Being Counted and Remaining Accountable: Maintenance of Quarterly Earnings Guidance by U.S. Public Companies
Kelly Patterson, Assistant Professor of Management
Sun Hyun Park, Kelly Patterson (2021) Being Counted and Remaining Accountable: Maintenance of Quarterly Earnings Guidance by U.S. Public Companies. Organization Science 32(3):544-567.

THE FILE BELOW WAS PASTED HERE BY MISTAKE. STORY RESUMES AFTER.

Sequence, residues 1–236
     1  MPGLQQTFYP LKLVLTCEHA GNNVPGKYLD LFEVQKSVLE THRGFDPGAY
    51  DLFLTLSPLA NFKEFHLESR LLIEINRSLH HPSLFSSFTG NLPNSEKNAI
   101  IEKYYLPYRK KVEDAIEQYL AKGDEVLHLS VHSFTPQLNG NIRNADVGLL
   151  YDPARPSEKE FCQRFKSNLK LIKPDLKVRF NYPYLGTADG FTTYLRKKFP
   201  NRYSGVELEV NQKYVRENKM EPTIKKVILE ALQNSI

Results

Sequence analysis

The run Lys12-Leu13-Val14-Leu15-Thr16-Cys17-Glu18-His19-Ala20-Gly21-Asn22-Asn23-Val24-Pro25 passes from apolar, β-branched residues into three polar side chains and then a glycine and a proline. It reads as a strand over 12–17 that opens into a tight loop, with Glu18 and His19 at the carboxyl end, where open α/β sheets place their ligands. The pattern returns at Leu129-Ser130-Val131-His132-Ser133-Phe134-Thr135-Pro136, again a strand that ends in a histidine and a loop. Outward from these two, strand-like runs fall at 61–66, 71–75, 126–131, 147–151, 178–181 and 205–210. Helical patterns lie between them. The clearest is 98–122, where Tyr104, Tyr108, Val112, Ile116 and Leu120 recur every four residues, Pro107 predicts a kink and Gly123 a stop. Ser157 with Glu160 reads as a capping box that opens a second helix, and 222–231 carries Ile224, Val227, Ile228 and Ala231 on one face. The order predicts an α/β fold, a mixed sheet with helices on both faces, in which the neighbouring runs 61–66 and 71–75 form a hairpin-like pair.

Organizations are often pressured to adopt and maintain institutionally supported practices. Why do some companies remain committed to these practices, despite high operational cost and widespread frustration with them? Although prior theorists have emphasized the importance of institutional pressure at the broader population level, less research attention has been paid to the abandonment of a practice as a result of resource dependence between a firm and market intermediaries. In this paper, we theorize intermediary coverage breadth and depth as two important structural indicators of resource dependence. Firms lacking in coverage breadth (as indicated by the degree of reporting by market intermediaries) and firms with deeper coverage (as evidenced by a prolonged relationship with market intermediaries) are less likely to abandon a practice due to an increase in power imbalance and mutual dependence within the firm-intermediary relationships. We also theorize how a firm’s resource dependence, as determined by coverage structure, moderates the firm’s sensitivity to (1) observed peer support for the practice, (2) the intermediary’s expectation regarding the continued use of the practice, and (3) performance deviations that fail to meet intermediary expectations. Our empirical study of the abandonment of quarterly earnings guidance by U.S. public companies during 2001–2010 provides overall support for our theoretical arguments.